atomic fountain clock
sâ'at-e favvâre-ye atomi
Fr.: horloge à fontaine atomique
An → atomic clock based on the principle of the → atomic fountain. A ball of atoms, usually → cesium (133Cs), created by the → laser cooling technique, is trapped in the intersection region of six laser beams. The ball is thrown upward by a laser beam and passes twice through a cavity where the atoms interact with the → microwave radiation generated by an → oscillator. The ball reaches the summit of its trajectory (about 1 m above the cooling zone) and then due to gravity falls through the same microwave cavity. The microwave radiation causes the electrons of the cesium atoms to move between two specific → energy states as they pass through the cavity. The clock is based on a → hyperfine transition (9.192631770 GHz) between two energy states in the electronic → ground state of the atom. The upper hyperfine state can in principle radiate to the lower state by → spontaneous emission, but the process takes a very long time -- thousands of years. Selection and detection of the hyperfine state is performed via → optical pumping and laser induced resonance fluorescence. In a carefully controlled setup, a relative uncertainty of 10 -16 can be reached for the cesium clock. This means an accuracy of 1 sec every 300 million years. This fluorescence is measured by a detector. The entire process is repeated until the maximum fluorescence of the cesium atoms is determined. This determination is used to lock the oscillator to the atomic frequency of cesium, which is used to define the SI → second. The first atomic fountain for metrological use was developed at the Paris Observatory (A. Clairon et al. 1996, Proc. 5th Symp. Frequency Standards and Metrology, p. 45).
Fr.: chaleur atomique
hidrožen-e atomi (#)
Fr.: hydrogène atomique
atomic mass number (A-number)
adad-e jerm-e atomi (#)
Fr.: nombre de masse atomique
atomic mass unit (amu)
yekâ-ye jerm-e atomi (#)
Fr.: unité de masse atomique
A unit of mass used for atoms and molecules, equal to 1/12 of the mass of an atom of carbon-12 (including orbital electrons). It is equal to 1.660 33 × 10-24 g.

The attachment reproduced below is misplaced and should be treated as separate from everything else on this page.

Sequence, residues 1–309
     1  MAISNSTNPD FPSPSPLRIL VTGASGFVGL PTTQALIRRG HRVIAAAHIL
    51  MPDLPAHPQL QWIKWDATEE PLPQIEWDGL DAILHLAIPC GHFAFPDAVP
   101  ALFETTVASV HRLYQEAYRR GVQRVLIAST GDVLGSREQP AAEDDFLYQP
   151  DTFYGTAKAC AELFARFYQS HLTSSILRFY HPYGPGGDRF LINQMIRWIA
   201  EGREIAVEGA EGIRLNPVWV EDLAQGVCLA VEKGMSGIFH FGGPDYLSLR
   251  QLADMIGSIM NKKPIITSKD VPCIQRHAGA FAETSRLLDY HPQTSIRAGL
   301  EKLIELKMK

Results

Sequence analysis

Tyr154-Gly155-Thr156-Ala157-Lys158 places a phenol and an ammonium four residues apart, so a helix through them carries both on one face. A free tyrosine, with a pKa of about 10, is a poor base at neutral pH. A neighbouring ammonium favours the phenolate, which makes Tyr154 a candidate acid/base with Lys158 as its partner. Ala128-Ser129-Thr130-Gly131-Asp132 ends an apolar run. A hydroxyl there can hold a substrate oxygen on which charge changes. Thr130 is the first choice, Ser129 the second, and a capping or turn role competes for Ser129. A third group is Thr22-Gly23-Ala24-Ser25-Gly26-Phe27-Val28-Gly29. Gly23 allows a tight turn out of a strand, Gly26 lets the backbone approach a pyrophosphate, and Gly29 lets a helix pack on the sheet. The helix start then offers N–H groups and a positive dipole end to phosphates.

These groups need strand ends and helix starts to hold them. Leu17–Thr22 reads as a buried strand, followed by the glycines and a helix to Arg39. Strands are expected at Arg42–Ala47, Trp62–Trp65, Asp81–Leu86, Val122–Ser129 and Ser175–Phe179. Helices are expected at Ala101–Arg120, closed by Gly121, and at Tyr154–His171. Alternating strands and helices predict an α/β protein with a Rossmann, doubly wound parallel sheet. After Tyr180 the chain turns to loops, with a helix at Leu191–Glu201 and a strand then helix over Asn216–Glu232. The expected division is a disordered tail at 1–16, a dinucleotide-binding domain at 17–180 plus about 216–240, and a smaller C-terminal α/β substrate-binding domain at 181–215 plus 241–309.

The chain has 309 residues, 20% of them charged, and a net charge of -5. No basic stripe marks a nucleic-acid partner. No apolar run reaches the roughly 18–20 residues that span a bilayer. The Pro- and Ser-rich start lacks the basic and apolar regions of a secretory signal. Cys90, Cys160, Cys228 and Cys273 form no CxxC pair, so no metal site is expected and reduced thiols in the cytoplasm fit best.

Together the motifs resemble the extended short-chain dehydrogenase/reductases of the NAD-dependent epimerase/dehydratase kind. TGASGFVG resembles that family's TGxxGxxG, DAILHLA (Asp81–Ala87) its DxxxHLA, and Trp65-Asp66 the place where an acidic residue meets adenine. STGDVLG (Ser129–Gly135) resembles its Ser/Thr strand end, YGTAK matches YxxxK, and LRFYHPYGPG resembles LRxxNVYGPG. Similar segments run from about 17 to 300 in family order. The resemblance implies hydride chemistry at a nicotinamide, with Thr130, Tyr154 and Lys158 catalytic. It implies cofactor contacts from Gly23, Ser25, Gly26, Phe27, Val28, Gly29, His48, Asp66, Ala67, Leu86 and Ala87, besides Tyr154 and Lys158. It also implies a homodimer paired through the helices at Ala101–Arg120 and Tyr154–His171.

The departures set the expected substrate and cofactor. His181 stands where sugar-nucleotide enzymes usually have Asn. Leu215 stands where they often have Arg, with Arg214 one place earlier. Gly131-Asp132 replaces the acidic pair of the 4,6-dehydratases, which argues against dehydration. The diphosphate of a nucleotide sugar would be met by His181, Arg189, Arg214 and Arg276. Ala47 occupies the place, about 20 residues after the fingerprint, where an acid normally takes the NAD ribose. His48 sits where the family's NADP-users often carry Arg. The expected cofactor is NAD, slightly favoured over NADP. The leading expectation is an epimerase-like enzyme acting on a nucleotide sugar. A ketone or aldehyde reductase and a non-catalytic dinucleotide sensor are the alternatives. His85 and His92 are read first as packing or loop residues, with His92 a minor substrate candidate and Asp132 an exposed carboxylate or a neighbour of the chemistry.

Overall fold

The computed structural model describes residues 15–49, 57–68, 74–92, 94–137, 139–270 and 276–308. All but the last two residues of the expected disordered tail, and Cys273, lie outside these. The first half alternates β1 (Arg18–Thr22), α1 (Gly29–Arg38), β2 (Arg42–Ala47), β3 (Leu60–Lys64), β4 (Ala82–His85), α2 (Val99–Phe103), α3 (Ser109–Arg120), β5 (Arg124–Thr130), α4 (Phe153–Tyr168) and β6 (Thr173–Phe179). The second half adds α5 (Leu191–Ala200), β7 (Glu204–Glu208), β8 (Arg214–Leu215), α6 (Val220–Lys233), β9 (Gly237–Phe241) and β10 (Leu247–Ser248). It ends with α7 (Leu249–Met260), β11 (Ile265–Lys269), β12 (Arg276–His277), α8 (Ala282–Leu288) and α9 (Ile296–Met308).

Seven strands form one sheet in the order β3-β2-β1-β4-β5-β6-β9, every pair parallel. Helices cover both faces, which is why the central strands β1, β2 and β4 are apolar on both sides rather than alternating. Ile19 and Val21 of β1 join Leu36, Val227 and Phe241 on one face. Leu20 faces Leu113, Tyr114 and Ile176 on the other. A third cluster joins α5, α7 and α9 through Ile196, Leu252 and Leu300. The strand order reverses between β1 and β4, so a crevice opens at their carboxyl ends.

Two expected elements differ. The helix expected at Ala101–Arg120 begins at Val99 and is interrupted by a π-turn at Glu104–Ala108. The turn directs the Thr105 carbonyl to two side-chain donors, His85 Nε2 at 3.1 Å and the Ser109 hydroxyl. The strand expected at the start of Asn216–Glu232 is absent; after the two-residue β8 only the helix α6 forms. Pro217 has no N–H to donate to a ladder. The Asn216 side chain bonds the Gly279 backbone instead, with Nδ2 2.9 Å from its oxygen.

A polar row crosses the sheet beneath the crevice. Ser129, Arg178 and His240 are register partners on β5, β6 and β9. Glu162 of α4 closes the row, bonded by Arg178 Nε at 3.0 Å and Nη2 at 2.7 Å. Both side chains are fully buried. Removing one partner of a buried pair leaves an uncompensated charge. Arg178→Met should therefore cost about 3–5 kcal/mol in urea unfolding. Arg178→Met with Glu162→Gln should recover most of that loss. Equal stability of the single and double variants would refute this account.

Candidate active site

haste-ye atom (#)
Fr.: noyau atomique
The central part of the → atom. It is made up of → protons and, in most cases, → neutrons. The nucleus is surrounded by a swarm of fast-moving → electrons. Almost all of the mass (more than 99%) of an atom is contained in the dense nucleus. The number of protons in the nucleus (called → atomic number) determines the type of → chemical element. Atoms that differ only in the number of neutrons in their nuclei are called → isotopes.
adad-e atomi (#)
Fr.: nombre atomique
The number of → protons in an → atomic nucleus (symbol Z). Same as → Z-number. The atomic number is written as a subscript to the left of the → chemical element name. For example, the most common isotope of oxygen is shown as 816O, which has 8 → protons and its → mass number (A) is 16.
Fr.: proposition atomique
zamân-e atomi (#)
Fr.: temps atomique
Time measured using atomic clocks.
Fr.: transition atomique
vazn-e atomi (#)
Fr.: poids atomique
Fr.: FBF atomique
i) If t1, t2, ..., tn
are terms and P is a → predicate of arity n,
then P(t1, t2, ..., tn)
is an atomic wff.
To pay attention.
Âtânidan, from prefix â- + tân, from tan-, tanidan "to spin, twist, weave" (cf. tân "thread, warp of a web," variants târ "thread, warp, string," tâl "thread" (Borujerdi dialect), tur "fishing net, net, snare"); Mid.Pers. tanitan; Av. tan- to stretch, extend;" cf. Skt. tan- to stretch, extend;" tanoti "stretches," tantram "loom;" tántra- "warp; essence, main point;" Gk. teinein "to stretch, pull tight;" L. tendere "to stretch;" Lith. tiñklas "net, fishing net, snare;" PIE base *ten- "to stretch."
1) The act or faculty of attending, especially by directing the mind to an object.
1) Characterized by or giving attention; observant.
L. attenuatus, p.p. of attenuare "to make thin," from → ad- "to" + tenuare "make thin," from tenuis "thin;" cf. Gk. tanaos "thin, slender, elongated;" Skt. tanuka-, tanu- "thin;" Av. tan- "to stretch;" Pers. tonok "thin," as below; O.Ir. tanae "delicate, thin;" O.H.G. dunni "thin."
Tonokidan, from tonok "thin, slender, slight, tender, delicate" + -idan, infinitive suffix. Tonok, from Mid.Pers. tanuk, Av. root tan- "to stretch, extend," cognate with L. tenuis, as above.
The falling off of the energy density of radiation with distance from the source, or with passage through an absorbing or scattering medium.
Verbal noun of → attenuate.
Fr.: coefficient d'bsorption
The fraction of a beam of → X-rays or → gamma rays that is absorbed or scattered per unit thickness of the → absorber. The linear attenuation coefficient, denoted by the symbol μ, appears in the equation I(x) = I0e-μx, where I(x) is the intensity at depth of x cm and I0 is the original intensity.
Fr.: facteur d'atténuation
The ratio of the radiation intensity after traversing a layer of matter to its intensity before.
Position of a satellite with respect to the horizon or some other fixed reference plane.
Fr., from It. attitudine "disposition, posture," from L.L. aptitudo "faculty."
Ruykard, noun from ruy kardan "to turn the face toward,"
from ruy "face"
(Mid.Pers. rôy, rôdh "face," Av. raoδa-
"growth," in plural "appearance," from raod- "to grow, sprout, shoot,"
cf. Skt. róha- "rising, height") + kardan "to do, make, perform"
(Mid.Pers. kardan, O.Pers./Av. kar- "to do, make, build,"
Av. kərənaoiti "makes," cf. Skt. kr- "to do, to make,"
krnoti "makes," karma "act, deed;" PIE base kwer-
"to do, to make").